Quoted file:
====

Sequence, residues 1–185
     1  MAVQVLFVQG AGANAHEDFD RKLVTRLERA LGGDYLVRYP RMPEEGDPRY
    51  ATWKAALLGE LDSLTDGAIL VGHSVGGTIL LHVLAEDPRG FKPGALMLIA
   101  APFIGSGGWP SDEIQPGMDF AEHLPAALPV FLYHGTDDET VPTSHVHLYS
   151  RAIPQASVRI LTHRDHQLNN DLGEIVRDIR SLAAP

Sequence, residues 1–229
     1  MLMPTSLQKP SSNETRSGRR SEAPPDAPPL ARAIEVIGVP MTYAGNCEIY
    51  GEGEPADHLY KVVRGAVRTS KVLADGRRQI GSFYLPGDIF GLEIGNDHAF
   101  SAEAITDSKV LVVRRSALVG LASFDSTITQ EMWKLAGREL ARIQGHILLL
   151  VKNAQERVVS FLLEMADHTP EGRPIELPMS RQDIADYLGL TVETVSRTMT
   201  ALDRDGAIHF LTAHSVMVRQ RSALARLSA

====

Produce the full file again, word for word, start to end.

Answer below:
Sequence, residues 1–185
     1  MAVQVLFVQG AGANAHEDFD RKLVTRLERA LGGDYLVRYP RMPEEGDPRY
    51  ATWKAALLGE LDSLTDGAIL VGHSVGGTIL LHVLAEDPRG FKPGALMLIA
   101  APFIGSGGWP SDEIQPGMDF AEHLPAALPV FLYHGTDDET VPTSHVHLYS
   151  RAIPQASVRI LTHRDHQLNN DLGEIVRDIR SLAAP

Sequence, residues 1–229
     1  MLMPTSLQKP SSNETRSGRR SEAPPDAPPL ARAIEVIGVP MTYAGNCEIY
    51  GEGEPADHLY KVVRGAVRTS KVLADGRRQI GSFYLPGDIF GLEIGNDHAF
   101  SAEAITDSKV LVVRRSALVG LASFDSTITQ EMWKLAGREL ARIQGHILLL
   151  VKNAQERVVS FLLEMADHTP EGRPIELPMS RQDIADYLGL TVETVSRTMT
   201  ALDRDGAIHF LTAHSVMVRQ RSALARLSA